Yesterday’s post explored the difference between an impulsive choice and a skillful one. Today’s post walks through an example; it is one that is universal and is tied to a pretty common impulsive (and therefore emotional) choice.
I am sitting in front of the TV and it is about 8 pm at night. I think to myself “Hmmm, I wonder what I could eat,” and I go to the pantry and open its doors. “I could eat some chips, make some popcorn, have a few cookies or a chocolate bar. Maybe I could go to the freezer and get some ice cream…put some maple syrup on it.”
This is where the pause needs to happen. I know inherently that I’m not hungry, so this is where I need to ask myself “How am I feeling right now?” Perhaps I am bored, feeling a bit restless. Perhaps I am feeling a bit blue, or the stress of the day is now working its way through my system as I have sat down to rest. Perhaps I am feeling a bit like self-sabotaging. Maybe there is a conditioned response happening – one that associates TV and snacking.
When I can identify how I am feeling, I can then ask myself “How is this going to benefit me right now?” The clear answer – “It isn’t.” And from there, I can follow that up with “What do I want the end result to be?”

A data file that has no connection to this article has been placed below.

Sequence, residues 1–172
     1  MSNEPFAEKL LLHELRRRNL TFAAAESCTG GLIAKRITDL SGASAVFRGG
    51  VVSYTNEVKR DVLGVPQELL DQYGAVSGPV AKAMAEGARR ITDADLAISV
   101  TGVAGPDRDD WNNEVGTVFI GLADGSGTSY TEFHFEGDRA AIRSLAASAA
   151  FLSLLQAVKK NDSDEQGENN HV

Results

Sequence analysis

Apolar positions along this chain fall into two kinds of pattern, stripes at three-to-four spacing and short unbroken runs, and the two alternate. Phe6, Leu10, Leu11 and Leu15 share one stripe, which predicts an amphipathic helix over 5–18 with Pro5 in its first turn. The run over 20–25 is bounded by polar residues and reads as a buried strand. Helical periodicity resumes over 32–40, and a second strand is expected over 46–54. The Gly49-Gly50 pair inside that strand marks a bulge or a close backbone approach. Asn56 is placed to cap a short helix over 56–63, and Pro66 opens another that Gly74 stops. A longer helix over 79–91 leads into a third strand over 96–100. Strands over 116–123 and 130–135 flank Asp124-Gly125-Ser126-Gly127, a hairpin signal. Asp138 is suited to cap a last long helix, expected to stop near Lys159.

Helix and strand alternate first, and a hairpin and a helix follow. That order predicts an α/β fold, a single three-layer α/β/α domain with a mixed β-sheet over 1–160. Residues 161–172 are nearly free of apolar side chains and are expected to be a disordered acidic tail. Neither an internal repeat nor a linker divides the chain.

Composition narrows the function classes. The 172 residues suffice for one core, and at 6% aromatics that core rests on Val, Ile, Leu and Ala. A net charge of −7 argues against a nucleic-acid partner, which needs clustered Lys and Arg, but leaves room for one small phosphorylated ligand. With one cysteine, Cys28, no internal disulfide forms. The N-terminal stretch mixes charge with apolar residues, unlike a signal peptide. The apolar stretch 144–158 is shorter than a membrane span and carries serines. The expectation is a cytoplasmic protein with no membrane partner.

Well, I certainly don’t want to experience the “I feel bad about myself” feeling that always happens after I have made the impulsive choice. And so I can then move to solution – if I am bored I can do some crafting while watching my show. Perhaps I can examine why I am feeling down, or what stress is lingering. Ultimately, I am making the connection between how I am feeling and the action urge that follows it.
In any case, when I choose in that moment to close the pantry doors, and return to the TV, I can feel proud of myself for having made a skillful choice. 🙂
Photo credit: https://unsplash.com/@reskp